Saturday, March 14, 2009

we're all targets

as i sit here munching my delicious soy crisps (creamy ranch flavor) i find myself contemplating what even made me decide to buy soy crisps in the first place.

they are quite tasty, but the very first time i bought them, i had no previous experience with soy in a snack-chip form and really had no idea what to expect. so how did they make that monstrous leap from grocery store shelf to my shopping cart, and ultimately into that tender spot in my heart reserved for my favorite snacky treats?

the obvious answer is the right one in this case, marketing.

the white bag with fresh-looking green leaves and branches flowing beneath the title 'nature's promise', the organic brand stocked at my local food market, was designed with just that very purpose in mind. and it worked.

i looked the bag over, compared price and ingredients to the brand name rice cakes tempting me from the next shelf. the soy crisps were less than half the price and lower in sodium, and after all, nature DID promise that they were 'all natural' and 'cholesterol free.' but this investigative shopping would never had occurred had i not been attracted to the outside of the bag.

this train of thought prompts me to think about the people who earn a living conceptualizing and creating the many advertisements we are all exposed to in our daily lives. how much money must have been invested for such firms to specifically target buyers for their products? how much time is spent making each item appear unique, and do so in a way convincing enough to make the average consumer part with his hard-earned cash for something new compared to something predictable?

it may be safe to say that as long as the marketing works, it pays for itself. everyone makes a profit and i enjoy my soy crisps guilt free.

but what about when advertising backfires? who looses out? is the public deprived of a great product because of poor marketing? or it is a form of capitalist natural selection, only the strong survive?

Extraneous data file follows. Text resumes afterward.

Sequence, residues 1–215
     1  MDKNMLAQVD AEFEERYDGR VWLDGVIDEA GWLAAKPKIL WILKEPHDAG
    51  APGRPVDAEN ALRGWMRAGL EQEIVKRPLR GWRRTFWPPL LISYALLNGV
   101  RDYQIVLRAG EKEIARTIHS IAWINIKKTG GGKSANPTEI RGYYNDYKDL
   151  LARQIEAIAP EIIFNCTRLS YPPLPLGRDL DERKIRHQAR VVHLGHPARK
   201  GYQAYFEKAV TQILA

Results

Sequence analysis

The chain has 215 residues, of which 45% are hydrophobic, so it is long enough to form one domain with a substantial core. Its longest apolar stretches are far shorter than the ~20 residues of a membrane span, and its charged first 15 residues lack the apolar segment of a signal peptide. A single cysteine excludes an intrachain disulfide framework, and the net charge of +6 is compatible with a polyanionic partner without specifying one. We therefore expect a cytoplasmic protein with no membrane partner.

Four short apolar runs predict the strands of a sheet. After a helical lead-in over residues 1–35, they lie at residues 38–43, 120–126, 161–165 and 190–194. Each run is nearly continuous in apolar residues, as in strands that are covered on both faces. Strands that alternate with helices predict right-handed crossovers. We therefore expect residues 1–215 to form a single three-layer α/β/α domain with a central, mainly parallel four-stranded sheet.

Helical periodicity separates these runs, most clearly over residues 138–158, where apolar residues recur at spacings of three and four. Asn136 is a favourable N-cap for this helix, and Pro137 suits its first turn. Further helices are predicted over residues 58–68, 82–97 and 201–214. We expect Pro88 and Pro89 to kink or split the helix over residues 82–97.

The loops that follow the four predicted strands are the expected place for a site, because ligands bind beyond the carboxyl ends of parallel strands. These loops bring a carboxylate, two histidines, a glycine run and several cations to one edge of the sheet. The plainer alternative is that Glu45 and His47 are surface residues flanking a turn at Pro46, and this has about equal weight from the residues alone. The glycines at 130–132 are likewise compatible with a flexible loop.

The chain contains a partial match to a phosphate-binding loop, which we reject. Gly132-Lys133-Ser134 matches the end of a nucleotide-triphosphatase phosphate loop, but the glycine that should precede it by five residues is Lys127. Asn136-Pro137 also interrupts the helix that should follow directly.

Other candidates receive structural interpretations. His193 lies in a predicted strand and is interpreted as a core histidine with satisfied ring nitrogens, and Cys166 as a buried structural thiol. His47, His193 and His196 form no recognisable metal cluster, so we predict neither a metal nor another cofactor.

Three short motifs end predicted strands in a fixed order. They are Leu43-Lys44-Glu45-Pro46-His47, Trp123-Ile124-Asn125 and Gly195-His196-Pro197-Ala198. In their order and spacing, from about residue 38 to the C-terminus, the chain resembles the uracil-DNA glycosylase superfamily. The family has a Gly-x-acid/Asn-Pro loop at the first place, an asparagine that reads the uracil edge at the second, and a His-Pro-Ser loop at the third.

i'd like to believe that our population of consumers would, on average, as a whole, support businesses/companies worthy of our dollar. but then i find things like this. did you read the product description? only about two sentences in and it has already become completely elitist and exclusive to most americans. someone, somewhere, got paid to write that, and people are buying into it.

the more i ponder why someone would actually buy anything that so unabashedly targets a certain lifestyle, thus perpetuating classist notions and ideals, the more it becomes clear to me that this advertising tactic is enormously successful.

this company will not only make their product appealing to those overtly aimed for, but also for the many who strive to be thought of as existing in that category.

and so i give up. i cannot win a battle of etiquette with advertisers. they exist solely to make us take notice. often it's the more outlandish messages, subtle or not, that we talk about the most.

1 comment:

Kristine said...

I so hear you on this. I recently bought some "low sugar" cereal or something and when I looked more closely at home, I realized that their serving size was less than competitors, thereby reducing the amount of reported sugar.